Alex Birsan writes about being able to install malware into proprietary corporate software by naming public code files the same as internal code files. From a ZDNet article:
Today, developers at small or large companies use package managers to download and import libraries that are then assembled together using build tools to create a final app.
This app can be offered to the company’s customers or can be used internally at the company as an employee tool.
But some of these apps can also contain proprietary or highly-sensitive code, depending on their nature. For these apps, companies will often use private libraries that they store inside a private (internal) package repository, hosted inside the company’s own network.
When apps are built, the company’s developers will mix these private libraries with public libraries downloaded from public package portals like npm, PyPI, NuGet, or others.
Researchers showed that if an attacker learns the names of private libraries used inside a company’s app-building process, they could register these names on public package repositories and upload public libraries that contain malicious code.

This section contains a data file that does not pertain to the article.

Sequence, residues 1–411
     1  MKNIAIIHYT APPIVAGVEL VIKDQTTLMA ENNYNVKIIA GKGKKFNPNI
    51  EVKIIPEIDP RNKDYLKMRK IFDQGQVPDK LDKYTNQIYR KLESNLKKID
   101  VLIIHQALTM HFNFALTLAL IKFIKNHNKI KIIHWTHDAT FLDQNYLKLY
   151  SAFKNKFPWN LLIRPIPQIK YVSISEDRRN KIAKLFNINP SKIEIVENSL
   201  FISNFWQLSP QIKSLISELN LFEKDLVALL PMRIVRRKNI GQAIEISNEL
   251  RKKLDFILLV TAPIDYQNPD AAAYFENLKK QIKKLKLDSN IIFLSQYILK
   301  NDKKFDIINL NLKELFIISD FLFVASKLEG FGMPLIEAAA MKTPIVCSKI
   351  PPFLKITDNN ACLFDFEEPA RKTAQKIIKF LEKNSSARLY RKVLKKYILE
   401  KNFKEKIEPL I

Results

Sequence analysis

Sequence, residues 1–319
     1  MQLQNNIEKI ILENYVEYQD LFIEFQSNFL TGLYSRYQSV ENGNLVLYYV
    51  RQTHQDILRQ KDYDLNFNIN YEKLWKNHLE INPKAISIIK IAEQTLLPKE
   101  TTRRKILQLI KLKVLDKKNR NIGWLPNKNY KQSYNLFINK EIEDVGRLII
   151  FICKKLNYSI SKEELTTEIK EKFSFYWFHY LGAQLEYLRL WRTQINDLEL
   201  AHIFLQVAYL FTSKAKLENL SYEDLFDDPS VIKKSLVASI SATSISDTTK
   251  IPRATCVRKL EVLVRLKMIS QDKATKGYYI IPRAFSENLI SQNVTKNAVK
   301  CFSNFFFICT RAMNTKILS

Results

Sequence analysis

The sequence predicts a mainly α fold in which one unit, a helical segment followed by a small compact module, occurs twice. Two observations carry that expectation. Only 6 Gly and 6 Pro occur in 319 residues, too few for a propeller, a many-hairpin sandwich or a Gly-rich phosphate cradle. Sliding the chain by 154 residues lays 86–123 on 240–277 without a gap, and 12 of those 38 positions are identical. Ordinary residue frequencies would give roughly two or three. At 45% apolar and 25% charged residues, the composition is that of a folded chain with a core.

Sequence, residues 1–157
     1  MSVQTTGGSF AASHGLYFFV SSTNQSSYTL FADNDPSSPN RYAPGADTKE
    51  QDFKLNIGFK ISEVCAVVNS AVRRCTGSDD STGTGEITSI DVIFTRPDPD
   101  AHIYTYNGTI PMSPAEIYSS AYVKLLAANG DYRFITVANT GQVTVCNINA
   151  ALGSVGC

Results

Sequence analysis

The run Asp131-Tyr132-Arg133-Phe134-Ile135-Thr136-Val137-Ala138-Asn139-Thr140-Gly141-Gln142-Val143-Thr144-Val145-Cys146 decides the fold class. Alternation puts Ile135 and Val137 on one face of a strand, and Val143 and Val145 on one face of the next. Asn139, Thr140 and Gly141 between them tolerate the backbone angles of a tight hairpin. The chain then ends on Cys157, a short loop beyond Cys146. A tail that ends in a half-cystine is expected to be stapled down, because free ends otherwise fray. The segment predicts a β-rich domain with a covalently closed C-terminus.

The “dependency confusion” attack takes place when developers build their apps inside enterprise environments, and their package manager prioritizes the (malicious) library hosted on the public repository instead of the internal library with the same name.
The research team said they put this discovery to the test by searching for situations where big tech firms accidentally leaked the names of various internal libraries and then registered those same libraries on package repositories like npm, RubyGems, and PyPI.
Using this method, researchers said they successfully loaded their (non-malicious) code inside apps used by 35 major tech firms, including the likes of Apple, Microsoft, PayPal, Shopify, Netflix, Yelp, Uber, and others.
Clever attack, and one that has netted him $130K in bug bounties.
More news articles.
Posted on February 23, 2021 at 6:18 AM •